This is an interesting article on an archaeologist who found a series of caves where ancient Maya worshiped and that he believes recreates the path through hell mentioned in ancient text. It’s a pretty awesome discovery. Apparently he found it by going through records of the Spanish Inquisition wherein indigenous Indians were tortured until they revealed the location of caves where they still practiced their religion. Gotta love that Spanish Inquisition. Torture and evil and death, but good records!
One thing keeps bugging me about this article, though. The guy who found these caves is convinced that the Mayans made the caves to fit the story of the path through hell. That they found some caves that were suitable enough, then fashioned them into the appropriate torturous ways and chambers exactly as the story describes. But it makes more sense to me that the account of the path is based on the cave.
Perhaps my bias in mythological education is showing (more Western and Egyptian than anything else), but it seems like a lot of the accounts of the underworld or hell or whatever are actually about initiation, transformation, etc. Like the poor initiates who had to wander around under Glastonbury Tor high on mushrooms until they were frightened to death or came out later having passed through the path to the land of the dead and lived. It makes more sense to me that the cave existed and was perhaps fashioned before the tale of the path to the underworld, and that the story itself may be part of an initiation ritual. Or even a transformation one — going from childhood to adulthood, adulthood to elder status. Death is often an allegory for transformation in mythological terms.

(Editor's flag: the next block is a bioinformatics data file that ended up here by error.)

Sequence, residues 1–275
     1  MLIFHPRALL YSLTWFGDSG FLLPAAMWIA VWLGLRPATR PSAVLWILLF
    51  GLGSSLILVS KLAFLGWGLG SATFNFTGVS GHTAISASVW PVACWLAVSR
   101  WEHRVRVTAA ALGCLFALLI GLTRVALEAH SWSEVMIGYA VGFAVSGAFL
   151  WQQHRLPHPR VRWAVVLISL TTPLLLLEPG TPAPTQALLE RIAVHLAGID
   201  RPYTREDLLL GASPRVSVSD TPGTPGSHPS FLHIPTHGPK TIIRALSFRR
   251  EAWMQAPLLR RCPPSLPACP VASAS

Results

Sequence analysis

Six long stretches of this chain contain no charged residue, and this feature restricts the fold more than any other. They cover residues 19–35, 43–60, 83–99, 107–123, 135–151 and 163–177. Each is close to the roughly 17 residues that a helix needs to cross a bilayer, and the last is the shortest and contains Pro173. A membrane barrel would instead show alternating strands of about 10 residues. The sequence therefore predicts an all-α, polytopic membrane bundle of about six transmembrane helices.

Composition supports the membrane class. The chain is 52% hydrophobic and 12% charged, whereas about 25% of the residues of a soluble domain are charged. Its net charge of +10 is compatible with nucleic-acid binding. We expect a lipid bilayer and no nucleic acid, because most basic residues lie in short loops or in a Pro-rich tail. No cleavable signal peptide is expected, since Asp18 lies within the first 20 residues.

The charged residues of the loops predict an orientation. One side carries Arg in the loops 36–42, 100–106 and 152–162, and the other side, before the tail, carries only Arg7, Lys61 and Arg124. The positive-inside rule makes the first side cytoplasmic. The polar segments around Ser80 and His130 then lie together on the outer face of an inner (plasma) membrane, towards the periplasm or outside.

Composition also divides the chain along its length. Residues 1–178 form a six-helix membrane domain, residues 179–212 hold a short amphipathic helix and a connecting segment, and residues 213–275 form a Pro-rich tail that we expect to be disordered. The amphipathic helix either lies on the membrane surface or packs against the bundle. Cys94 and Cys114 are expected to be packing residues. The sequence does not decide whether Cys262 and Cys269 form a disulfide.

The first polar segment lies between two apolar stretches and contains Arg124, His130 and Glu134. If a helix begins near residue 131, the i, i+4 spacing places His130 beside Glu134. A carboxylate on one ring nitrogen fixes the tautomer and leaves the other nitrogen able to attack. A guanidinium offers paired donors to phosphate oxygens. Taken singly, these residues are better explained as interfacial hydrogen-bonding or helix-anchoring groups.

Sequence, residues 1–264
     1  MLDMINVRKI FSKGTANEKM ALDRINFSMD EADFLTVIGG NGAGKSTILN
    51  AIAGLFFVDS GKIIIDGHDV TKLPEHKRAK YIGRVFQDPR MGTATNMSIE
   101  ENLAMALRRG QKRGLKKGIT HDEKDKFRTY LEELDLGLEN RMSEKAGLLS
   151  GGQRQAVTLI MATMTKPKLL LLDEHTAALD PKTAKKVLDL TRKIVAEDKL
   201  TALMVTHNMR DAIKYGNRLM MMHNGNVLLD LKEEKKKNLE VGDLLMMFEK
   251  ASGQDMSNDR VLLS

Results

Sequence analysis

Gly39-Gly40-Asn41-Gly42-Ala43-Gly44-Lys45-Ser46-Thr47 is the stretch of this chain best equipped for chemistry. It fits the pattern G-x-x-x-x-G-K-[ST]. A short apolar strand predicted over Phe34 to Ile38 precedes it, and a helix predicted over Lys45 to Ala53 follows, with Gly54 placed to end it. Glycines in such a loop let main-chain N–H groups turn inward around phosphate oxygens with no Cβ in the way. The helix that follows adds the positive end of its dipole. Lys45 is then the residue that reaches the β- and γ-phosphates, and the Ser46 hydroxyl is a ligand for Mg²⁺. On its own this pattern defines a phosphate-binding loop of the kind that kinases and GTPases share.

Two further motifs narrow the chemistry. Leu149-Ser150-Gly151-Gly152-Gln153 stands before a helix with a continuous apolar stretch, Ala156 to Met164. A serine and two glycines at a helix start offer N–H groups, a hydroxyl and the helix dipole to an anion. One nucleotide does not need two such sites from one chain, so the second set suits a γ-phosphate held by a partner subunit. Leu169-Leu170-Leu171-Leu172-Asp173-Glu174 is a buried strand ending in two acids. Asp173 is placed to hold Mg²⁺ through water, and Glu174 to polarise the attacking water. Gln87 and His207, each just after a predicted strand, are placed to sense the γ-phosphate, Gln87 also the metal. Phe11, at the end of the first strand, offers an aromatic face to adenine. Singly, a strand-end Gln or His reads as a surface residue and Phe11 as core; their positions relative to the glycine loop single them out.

However, as I said, most of my knowledge of this symbolism comes from Western sources. The Maya may have had a completely different set of symbols and meaning. I still think the cave came first, though.